Looking out the window of my room at my B&B in Nenagh. Everyone in Ireland seems to be mad into gardening. Walk down any street in any Irish village and everyone seems to have miniature botanical garden growing in their front yard.

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Old 4 Jun 2016
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Motorcycle Wanderings - My RTW Adventure - Ireland

I left Nenaugh on a brilliant sunny morning, making my way down to Kilkenny in the south-east part of Ireland. If I had taken the main Hwy, I could have ridden down to Kilkenny from Nenaugh in just over an hour, but as I did not want to arrive there until 3:00 pm, this gave me a chance to wander aimlessly around the backroads in this part of the country. So I kept ignoring my GPS and started taken turns at random to see where it would lead me to. Look closely at a map of Ireland and it looks like a spider's web with all the interconnected roads. They have been building roads here in Ireland for the last couple of thousand years.

I eventually arrived in Kilkenny in late afternoon, the B&B I had booked turned out to be just a 10 minute walk to the centre of town. Kilkenny as it turns out is a very popular tourist destination, as evident by the hordes of tourists.

Kilkenny traces its origins back to the 6th century. The landmark feature of Kilkenny is the Kilkenny Castle in the centre of town, it dominates the city's vista. Kilkenny is a well preserved medieval town.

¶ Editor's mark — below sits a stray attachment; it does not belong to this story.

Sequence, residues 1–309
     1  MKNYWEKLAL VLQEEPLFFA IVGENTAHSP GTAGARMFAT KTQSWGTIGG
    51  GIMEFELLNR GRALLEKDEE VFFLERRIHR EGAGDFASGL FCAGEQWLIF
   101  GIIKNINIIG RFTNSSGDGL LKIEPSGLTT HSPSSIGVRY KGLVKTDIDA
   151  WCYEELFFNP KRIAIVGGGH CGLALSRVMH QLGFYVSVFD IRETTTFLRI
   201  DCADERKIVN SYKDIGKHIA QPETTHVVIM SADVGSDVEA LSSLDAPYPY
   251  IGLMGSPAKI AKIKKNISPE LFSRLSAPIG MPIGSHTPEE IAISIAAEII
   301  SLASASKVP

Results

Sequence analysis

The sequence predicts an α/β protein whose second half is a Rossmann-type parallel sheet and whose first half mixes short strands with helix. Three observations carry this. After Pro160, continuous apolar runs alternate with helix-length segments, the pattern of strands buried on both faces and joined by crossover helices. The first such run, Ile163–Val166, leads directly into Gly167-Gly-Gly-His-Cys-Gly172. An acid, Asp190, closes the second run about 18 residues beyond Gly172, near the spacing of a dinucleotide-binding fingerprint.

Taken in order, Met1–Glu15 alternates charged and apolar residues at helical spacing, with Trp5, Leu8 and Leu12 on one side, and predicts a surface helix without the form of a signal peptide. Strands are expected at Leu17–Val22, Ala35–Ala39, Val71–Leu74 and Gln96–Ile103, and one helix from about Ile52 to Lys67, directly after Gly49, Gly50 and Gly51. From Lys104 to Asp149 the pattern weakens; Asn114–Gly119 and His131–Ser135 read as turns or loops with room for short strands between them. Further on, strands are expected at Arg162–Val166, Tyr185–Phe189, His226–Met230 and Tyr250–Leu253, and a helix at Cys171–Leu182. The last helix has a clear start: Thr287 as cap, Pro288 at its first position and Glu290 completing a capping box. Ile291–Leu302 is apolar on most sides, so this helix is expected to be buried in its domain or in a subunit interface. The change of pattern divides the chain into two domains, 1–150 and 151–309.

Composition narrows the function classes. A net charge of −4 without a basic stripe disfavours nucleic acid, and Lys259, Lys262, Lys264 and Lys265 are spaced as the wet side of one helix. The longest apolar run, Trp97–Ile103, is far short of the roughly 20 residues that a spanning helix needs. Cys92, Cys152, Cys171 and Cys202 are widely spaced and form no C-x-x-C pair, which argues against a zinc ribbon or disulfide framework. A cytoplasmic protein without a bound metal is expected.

Front view of Castle


Interior courtyard of Castle

Interior courtyard of Castle

There are a couple of main avenues in the city where most of the touristy stuff are, there are numerous restaurants, pubs and music halls. It well known in Ireland for its performing arts, music festivals, theatre performances.



Little Restaurant on Ormonde St in Kilkenny Ireland



View inside the restaurant



More scenes along Ormonde St in Kilkenny



More scenes along Ormonde St in Kilkenny

I left Kilkenny the next morning, again I only had an 100 km ride to Wexford where I would be spending the night preparing to take the ferry over to France the following day, so I decided to spent my day playing tourist. On my way down from Nenaugh to Kilkenny I kept coming across a number of sign posts pointing the way to Dunmore Caves. I am into spelunking and such things. The caves are only 10 kms north of Kilkenny a bit out of my way, but I had a whole day to kill before making my way back down to Wexford.